Aldi now Australia’s ‘most trusted brand’
Aldi is now Australia’s most trusted brand, according to the latest Roy Morgan Net Trust Score survey, which saw the supermarket brand move up from third to first.
According to the survey Aldi’s main supermarket rivals Woolworths and Coles rated highly when considering trust, but fell behind Aldi on Net Trust Score (NTS) due to their much higher levels of distrust.
Despite Aldi’s strong performance with the top NTS of any brand, supermarkets as a category have a minus NTS falling behind other industries such as Automotive, Consumer Product Brands, Travel, and Technology.
According to Roy Morgan CEO Michele Levine, the importance of trust to a brand’s sustainable future is increasingly recognised as a key metric.
“Nowhere is a high level of trust more important than when it comes to the provision of the food we eat,” Levine said.
“The success of Aldi’s entrance to the Australian market has been built not only on discount prices but also a reputation for reliability and meeting the needs of consumers.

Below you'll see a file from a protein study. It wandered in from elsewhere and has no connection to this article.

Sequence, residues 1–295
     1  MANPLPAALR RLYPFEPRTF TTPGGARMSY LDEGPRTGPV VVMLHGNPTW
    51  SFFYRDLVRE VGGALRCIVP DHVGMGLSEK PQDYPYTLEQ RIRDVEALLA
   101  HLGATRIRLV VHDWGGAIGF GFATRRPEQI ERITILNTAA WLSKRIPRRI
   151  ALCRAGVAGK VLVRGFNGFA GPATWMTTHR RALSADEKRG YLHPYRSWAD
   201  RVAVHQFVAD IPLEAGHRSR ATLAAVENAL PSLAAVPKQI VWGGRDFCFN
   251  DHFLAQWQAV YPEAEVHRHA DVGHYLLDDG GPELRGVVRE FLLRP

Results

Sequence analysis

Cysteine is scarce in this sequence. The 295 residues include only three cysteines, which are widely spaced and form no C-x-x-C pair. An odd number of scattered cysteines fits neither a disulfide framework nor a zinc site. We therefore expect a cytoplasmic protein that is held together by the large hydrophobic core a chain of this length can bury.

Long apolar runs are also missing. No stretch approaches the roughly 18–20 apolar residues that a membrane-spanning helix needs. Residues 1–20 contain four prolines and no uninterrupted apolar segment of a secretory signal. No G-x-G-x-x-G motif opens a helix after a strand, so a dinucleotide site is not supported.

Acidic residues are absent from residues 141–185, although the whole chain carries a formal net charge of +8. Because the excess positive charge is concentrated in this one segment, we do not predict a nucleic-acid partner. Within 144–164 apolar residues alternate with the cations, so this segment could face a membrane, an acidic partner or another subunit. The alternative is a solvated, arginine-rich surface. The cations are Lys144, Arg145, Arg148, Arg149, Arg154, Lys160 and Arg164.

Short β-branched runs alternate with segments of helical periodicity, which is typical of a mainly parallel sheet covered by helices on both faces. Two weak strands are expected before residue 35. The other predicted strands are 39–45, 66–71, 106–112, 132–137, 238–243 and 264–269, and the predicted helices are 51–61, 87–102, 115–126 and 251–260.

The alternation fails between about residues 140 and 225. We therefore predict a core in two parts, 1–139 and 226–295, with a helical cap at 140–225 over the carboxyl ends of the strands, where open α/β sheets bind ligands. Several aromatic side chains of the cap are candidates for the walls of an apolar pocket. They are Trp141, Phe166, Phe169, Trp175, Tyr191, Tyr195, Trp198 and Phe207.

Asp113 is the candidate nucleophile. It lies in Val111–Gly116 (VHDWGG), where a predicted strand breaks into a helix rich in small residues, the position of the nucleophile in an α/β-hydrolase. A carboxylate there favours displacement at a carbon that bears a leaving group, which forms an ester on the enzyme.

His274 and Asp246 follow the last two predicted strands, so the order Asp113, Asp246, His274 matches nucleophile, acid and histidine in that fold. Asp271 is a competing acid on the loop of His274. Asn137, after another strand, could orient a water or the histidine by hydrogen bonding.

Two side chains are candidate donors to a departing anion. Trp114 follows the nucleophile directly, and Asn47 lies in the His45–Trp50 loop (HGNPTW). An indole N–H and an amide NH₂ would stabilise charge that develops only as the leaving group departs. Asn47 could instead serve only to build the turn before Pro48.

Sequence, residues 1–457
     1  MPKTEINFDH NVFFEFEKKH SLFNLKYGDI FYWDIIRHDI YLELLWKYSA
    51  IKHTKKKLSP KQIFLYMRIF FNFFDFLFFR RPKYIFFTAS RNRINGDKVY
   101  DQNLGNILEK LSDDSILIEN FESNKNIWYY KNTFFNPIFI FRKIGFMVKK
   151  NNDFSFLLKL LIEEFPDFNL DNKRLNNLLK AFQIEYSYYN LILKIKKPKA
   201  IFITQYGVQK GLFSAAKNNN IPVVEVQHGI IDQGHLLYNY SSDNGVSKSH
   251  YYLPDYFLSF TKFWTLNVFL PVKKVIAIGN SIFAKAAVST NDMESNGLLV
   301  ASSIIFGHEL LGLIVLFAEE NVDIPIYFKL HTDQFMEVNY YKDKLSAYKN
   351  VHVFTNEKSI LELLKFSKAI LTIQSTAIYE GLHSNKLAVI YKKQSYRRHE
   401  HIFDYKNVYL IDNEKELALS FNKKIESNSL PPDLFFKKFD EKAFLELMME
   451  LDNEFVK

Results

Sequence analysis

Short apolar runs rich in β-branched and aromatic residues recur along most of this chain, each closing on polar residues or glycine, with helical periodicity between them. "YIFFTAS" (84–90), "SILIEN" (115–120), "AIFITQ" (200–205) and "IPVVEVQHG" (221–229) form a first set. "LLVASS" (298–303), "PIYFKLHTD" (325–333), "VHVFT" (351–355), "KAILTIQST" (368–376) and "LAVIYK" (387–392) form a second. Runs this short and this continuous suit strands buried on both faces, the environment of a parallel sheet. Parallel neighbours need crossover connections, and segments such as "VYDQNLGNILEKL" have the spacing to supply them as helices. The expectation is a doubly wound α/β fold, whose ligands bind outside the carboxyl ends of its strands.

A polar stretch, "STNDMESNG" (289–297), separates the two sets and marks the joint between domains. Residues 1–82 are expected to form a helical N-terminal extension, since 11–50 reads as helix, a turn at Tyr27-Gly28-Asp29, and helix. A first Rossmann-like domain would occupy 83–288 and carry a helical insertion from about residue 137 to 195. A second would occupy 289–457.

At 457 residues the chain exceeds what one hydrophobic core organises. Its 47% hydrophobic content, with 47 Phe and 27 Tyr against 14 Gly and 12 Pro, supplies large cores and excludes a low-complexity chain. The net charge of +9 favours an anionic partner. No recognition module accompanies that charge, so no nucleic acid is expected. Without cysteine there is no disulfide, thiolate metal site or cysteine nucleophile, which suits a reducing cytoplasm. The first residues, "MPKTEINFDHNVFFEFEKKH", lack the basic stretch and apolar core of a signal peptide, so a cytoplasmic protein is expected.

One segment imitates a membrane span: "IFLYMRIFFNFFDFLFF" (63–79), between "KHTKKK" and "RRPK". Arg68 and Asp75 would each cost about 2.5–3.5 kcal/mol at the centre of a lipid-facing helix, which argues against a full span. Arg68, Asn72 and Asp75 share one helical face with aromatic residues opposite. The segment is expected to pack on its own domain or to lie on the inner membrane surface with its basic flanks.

“Aldi’s ability to excel at its core competencies has built a level of trust in the Australian market without at the same time attracting the degree of distrust seen by its rivals.
“Measuring trust alone is never enough – we need to measure distrust and then subtract if from trust to reveal the accurate health of a brand.
“Although Aldi’s larger rivals both have high levels of trust, it is the number of Australians who express distrust in the two market leaders that they should be worried about.
“To rise to meet the challenge presented by Aldi, and other newer entrants into grocery category such as Amazon Fresh, Costco and Kaufland, traditional market leaders Coles and Woolworths need to develop strategies to reduce their growing levels of distrust,” she said.
Important drivers of trust include reliability, customer focus, knowledgeable staff, ease of contact and previous good experiences with the company, in addition to other key performance indicators. Whereas drivers of brand distrust revolve around perceptions of self-centredness, greed, and dishonest and deceitful business practices.